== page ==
Huntsville City Schools HR records show over 250 employees have resigned this year

Published: Nov. 10, 2021 at 10:26 PM CST
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HUNTSVILLE, Ala. (WAFF) - Teachers are leaving the job in record numbers: that is straight from the mouth of a Huntsville City Schools board member.

After her comment last week, WAFF requested the HR reports showing the number of employee resignations. We got our hands on them Wednesday.

There are over 600 pages that list resignations and retirements. We went through and counted a total of 257 employee resignations since January and 66 retirements.

That includes bus drivers, and cafeteria workers, but mostly teachers. What these records don’t say, is why these teachers are leaving.

The school board member and a teacher WAFF’s Caroline Klapp spoke with, believe student behavior is to blame for a lot of them.

”I talked her off the ledge last week, but she just sent me an email while I’m sitting here. It says, ‘Ms. Watkins, thank you for your help but I cant do it anymore,” Michelle Watkins said.

Huntsville City Schools board of education member Michelle Watkins says there are many others who feel the same way.

“If we hide behind the curtain and say nothing’s wrong. Ok, then people think nothing’s wrong. But there’s something wrong when your teachers are leaving your district and they’re calling telling you that their leaving for behavioral problems,” Watkins said.

WAFF 48 also spoke with a Huntsville City Schools teacher, who did not want to be identified. They say student behavioral issues have become a nightmare in their classroom.

“On a regular basis, we are cussed out by students. On a regular basis, there are teachers that have objects thrown at them in class,” they said.

The teacher says filing reports and calling parents isn’t fixing the issue, adding it’s gotten so out of hand they’re contemplating leaving too.

“There are days that I leave in tears fairly often. I feel like I am not making a difference. And if I could find something else to do, there are days that I would gladly walk away from it completely, and this has been my life’s calling,” the teacher said.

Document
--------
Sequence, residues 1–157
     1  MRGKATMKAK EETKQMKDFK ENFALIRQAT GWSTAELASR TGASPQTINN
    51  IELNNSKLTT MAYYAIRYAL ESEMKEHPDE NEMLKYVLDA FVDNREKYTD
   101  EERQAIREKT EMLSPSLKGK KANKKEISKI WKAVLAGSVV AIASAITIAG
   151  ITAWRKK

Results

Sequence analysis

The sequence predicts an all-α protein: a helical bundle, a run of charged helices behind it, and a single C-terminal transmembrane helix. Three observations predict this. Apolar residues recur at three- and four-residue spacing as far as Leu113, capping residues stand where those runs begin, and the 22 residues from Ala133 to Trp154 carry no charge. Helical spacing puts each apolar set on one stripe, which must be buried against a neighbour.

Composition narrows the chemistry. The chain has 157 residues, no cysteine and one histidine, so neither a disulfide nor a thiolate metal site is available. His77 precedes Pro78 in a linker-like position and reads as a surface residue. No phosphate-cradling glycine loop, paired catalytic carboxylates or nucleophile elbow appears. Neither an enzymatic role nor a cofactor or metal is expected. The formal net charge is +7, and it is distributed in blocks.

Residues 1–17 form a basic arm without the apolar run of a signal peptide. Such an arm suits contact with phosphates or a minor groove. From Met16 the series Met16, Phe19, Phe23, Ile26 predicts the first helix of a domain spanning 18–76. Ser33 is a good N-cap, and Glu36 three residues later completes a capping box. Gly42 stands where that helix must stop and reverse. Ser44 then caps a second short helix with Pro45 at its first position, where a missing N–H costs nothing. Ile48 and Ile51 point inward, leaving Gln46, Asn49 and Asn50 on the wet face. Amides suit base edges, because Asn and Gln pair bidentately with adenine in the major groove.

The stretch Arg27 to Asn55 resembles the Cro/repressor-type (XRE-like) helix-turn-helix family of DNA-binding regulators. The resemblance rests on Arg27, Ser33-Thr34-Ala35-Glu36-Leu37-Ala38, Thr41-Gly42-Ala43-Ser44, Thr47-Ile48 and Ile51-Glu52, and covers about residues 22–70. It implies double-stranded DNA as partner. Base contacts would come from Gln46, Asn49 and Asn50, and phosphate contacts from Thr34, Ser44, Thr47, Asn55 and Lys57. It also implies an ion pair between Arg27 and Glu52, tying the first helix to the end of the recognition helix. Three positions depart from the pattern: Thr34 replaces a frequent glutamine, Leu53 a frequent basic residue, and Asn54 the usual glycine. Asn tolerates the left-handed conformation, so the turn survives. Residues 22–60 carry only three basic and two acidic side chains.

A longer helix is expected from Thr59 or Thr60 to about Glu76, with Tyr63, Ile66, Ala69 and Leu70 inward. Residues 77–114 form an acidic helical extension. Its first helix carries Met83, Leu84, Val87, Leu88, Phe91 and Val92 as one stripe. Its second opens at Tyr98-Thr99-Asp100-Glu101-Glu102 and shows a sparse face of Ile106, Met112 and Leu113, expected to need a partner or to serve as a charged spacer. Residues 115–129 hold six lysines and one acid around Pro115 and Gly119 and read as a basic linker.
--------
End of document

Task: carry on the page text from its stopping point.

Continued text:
William Tunnell with the Alabama Education Association says 257 teacher resignations in a year is above average turnover in this size district.

“Without question, Huntsville is a bit of an anomaly,” Tunnell said.

Tunnell says behavior is an issue, but being overworked is another.

“We’re encouraging the school system to take some actions to determine why are all these people leaving, listen to them, talk to them. Is anyone with the school district engaging with them? If not, why? Because it’s high turnover, there’s no two ways about it,” he said.

“Teachers are humans and there comes that moment at which a teacher’s health, mental health, just their entire being can only take so much,” the teacher said.

Huntsville City Schools sent us a statement. It reads, “Huntsville City Schools values the hard work, commitment, and service to students exhibited by HCS employees each and every day. While the district recognizes the past year and a half has presented numerous challenges, HCS remains committed to promoting a high-quality educational environment for students, teachers, and employees to be successful personally, academically, and professionally.”

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